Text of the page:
# Why do varieties with torsion canonical sheaf have finite etale covers with trivial canonical sheaf

Let $B$ be a variety with torsion canonical sheaf, i.e., $\omega^{\otimes n}_B \cong \mathcal O_B$ for some $n>0$. Then, why does there exist a finite (etale?) morphism $X\to B$ such that $K_X$ is linearly equivalent to zero?

I'm thinking $X\to B$ should be some kind of cyclic covering, but how does one construct such a cyclic covering of $B$ in the first place? And why would it have trivial canonical sheaf?

This is a special case of a more general fact. If we are given a line bundle $L$ on an algebraic variety $X$ and an isomorphism $L^{\otimes n} \cong O_X$, then there is uniquely attached to this data an $n$-fold étale cover $Y \to X$ such that the pullback of $L$ to $Y$ is trivial. Note that the pullback of the canonical sheaf under an étale map is the canonical sheaf.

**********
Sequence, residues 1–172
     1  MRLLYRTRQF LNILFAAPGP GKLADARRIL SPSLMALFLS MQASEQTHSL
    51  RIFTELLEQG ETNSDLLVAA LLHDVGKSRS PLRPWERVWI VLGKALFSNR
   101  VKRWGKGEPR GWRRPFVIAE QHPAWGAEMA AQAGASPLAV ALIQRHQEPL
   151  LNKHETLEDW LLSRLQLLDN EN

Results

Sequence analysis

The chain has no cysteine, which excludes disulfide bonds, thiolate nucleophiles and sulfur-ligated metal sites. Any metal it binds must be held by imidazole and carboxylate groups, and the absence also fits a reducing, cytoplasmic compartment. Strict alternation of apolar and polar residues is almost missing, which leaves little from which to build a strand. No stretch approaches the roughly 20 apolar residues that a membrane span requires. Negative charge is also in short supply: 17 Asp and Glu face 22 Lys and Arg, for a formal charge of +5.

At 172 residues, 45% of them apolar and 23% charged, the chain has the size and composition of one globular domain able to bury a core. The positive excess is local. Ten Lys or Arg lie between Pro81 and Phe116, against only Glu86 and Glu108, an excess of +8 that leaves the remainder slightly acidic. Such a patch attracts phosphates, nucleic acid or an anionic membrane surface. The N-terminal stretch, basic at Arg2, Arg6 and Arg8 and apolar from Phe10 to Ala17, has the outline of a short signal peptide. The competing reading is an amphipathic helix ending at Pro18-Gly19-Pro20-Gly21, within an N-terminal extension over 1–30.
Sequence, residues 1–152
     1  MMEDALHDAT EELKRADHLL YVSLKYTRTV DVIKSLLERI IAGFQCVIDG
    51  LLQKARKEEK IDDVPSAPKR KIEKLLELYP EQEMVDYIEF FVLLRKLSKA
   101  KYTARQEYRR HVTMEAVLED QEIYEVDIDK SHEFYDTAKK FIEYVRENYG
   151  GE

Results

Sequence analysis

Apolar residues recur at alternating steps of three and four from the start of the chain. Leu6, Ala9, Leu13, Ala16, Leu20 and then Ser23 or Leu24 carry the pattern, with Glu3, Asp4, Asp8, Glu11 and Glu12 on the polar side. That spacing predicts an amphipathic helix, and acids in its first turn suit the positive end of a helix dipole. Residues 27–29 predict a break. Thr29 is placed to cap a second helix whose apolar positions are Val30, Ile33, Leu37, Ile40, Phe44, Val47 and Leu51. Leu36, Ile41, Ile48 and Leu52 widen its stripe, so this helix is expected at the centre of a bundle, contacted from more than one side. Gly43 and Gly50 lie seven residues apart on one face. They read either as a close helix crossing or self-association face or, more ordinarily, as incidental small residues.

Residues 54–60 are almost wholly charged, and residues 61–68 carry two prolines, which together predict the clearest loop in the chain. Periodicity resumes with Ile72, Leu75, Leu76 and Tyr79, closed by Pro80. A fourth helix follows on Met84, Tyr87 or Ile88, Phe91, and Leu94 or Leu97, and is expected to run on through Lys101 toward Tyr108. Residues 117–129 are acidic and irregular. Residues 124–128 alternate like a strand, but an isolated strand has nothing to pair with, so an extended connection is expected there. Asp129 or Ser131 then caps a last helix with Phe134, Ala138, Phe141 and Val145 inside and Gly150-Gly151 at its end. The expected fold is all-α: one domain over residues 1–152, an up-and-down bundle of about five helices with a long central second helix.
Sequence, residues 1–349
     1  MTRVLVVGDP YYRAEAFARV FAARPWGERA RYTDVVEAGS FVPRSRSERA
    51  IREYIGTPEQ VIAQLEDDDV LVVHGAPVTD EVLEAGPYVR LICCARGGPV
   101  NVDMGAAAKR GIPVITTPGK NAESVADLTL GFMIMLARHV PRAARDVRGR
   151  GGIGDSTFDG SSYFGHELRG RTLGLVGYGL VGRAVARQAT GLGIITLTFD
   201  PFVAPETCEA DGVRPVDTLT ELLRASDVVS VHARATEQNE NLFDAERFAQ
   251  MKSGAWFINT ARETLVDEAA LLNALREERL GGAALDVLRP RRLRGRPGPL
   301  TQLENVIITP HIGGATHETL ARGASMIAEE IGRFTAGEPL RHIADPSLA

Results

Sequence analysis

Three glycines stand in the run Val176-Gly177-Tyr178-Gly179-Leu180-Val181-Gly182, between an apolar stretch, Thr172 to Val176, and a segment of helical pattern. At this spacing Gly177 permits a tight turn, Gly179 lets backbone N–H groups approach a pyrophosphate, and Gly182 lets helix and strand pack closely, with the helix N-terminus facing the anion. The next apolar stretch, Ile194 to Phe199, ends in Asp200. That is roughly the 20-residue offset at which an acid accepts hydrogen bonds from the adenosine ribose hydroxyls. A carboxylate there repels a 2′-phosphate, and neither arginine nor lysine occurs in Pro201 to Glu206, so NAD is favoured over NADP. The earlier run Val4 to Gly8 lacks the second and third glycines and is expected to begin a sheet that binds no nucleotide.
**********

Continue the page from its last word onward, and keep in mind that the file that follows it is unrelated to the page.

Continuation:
One way of realizing this is to use that $X$ is isomorphic to its image in the total space of $L^{\otimes n}$ under the unit section obtained from the isomorphism above. Now every point on $X$ has $n$ distinct "roots" in the total space of $L$. I think all this is explained in Griffiths-Harris, for instance.